How are you dear Soul-Searchers? The year is towards its closure and how! In this blogpost, I share with you a recent wonderful experience I had in a quaint place on the outskirts of the city.
As the chill of December set in gradually, I got an opportunity to take a day-off with my colleagues. We headed out of the hustle and bustle of the Guwahati city towards a nearby place called Sonapur. Nested amongst the several up-and-coming roadside restaurants and dhabas, there was Juhal. One of my senior colleagues knows the place quite well and had suggested we go there. And I am extremely grateful to him for introducing me to this wonder.
Juhal: meaning a clay fireplace in Assamese, is a venture screaming sustainability. We stepped out of our cars to be amazed to see this place does not really look like the usual uptown restaurants. In fact, one could easily miss it, for the humble bamboo entrance does not catch one’s eye quickly. However, as you climb up those bamboo stairs, ushered in by a local and happy woman, you step into another small bamboo hut. There are a very few tables set there and a reception desk. But you cannot miss the stack of books kept on one side; it is their tiny open library.
Our group was divided into two outside the entrance as a few were lured by photo sessions while a few other had already went in. I stayed back to pose for a few clicks, captured a few myself. Then I decided to follow the others inside. Not having found them inside the small hut, I happened to step out of it on the other side.
Once you step down the stairs, you can see there are vegetable and flower gardens. A cloud of smoke swirls around a big, open kitchen with bigger clay fireplaces — the Juhal. You can hear happy, satisfied laughs of a few local women preparing and cooking dishes there. And the smell; well, you can only comprehend it once it tingles your taste-buds. There are more wonders there than what meets the eye at the first glance: a Turkey running around her baby, a turtle nestled in a tiny man-made pond, a dheki (Assamese for an agricultural tool to thresh grains) standing elegantly in a corner beside the stairs.
We walked further into a large structure which looked like a greenhouse. As we took our chairs and were sighing at the place’s beauty, a few women came up with warm bel (Assamese for Bengal quince) tea served with gur (Assamese for jaggery) at the side: a decaff drink with several health benefits and it tasted so earthy and comforting. The sumptuous food kept flowing. What caught all our attention is how the appetising food was local and organically produced. Most of the food were grown by the local villagers.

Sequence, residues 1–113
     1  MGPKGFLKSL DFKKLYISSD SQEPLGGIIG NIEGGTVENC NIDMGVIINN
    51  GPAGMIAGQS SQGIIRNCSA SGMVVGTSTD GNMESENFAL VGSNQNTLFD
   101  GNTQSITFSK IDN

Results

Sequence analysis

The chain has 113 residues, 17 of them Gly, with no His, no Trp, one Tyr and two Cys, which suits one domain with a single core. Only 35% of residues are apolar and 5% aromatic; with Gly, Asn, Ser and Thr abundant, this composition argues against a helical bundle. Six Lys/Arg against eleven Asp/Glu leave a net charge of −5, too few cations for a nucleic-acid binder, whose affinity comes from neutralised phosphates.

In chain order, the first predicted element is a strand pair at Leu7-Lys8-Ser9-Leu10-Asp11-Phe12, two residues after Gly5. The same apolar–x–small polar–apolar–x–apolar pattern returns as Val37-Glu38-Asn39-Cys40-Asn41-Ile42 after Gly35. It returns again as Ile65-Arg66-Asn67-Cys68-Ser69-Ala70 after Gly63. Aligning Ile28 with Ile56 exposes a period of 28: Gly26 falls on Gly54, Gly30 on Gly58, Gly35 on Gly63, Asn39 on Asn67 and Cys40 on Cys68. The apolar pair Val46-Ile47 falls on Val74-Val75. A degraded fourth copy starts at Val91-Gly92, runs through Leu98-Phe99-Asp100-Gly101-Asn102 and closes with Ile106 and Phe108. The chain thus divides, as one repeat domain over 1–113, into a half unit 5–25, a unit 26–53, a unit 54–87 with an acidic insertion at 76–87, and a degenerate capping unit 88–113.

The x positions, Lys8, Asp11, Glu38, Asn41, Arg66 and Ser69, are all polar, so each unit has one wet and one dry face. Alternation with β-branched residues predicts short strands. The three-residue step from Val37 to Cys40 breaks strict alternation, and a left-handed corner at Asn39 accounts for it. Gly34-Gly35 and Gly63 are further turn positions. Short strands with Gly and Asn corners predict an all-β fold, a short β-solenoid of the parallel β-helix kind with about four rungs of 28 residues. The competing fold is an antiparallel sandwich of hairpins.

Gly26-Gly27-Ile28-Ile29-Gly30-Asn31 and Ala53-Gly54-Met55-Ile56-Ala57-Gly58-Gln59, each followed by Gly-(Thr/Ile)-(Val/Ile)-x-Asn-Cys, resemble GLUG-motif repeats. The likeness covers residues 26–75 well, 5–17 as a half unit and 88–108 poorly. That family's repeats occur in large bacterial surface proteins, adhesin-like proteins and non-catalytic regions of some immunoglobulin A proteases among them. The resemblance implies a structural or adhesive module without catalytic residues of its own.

Then it strikes you, how this place is much more than just a quaint place to eat out.
Mukul Dutta: a man, probably in his late 30s or early 40s walks in. Humbly clothed, he has a distinct spark in his eyes that perhaps resembles a parent proud of his child. He is proud and rightly so, of his venture; yet, he is an epitome of modesty. I was taken into a different world altogether as he sat down with us and narrated his journey and the story behind Juhal. He talked of his job which he was once in. I did not ask him more about it. He simply told us how his job took him to different villages of Assam, how he got the opportunity to experience various sustainable and traditional lifestyles. He bought a plot of land in Sonapur and started growing vegetables there. Eventually, he left his job and settled with his family in the farm at Sonapur. He recruited local villagers in his work. By and by, his well-wishers suggested he open a restaurant there. Although, he was skeptical in the beginning about it, he finally did start Juhal.
What most caught my attention is how this man recruited the local women who not only cook the earthy cuisine but also help grow the food they prepare. He has recently started inviting the village kids to read from the library and also organises local theatre workshops for them there. Mr. Dutta is now helped in his venture by his family: his wife and his two sons, the younger of them left the tech city Bangalore to be with his father. Now, he plays with soil.
With the mellow evening sun upon us, we realised our trip was about to be over soon. As we were leaving, Mr. Dutta handed me a card of his venture. I kept it safely in my pockets as I wanted to share his story with many others. The women smiled happily at us; we were contented with the experience, they were pleased that we loved their food. We bade Juhal adieu, promising we would return.
That night, I slept peacefully, knowing there are people like Mukul Dutta in the world who looks out for the earth and humanity.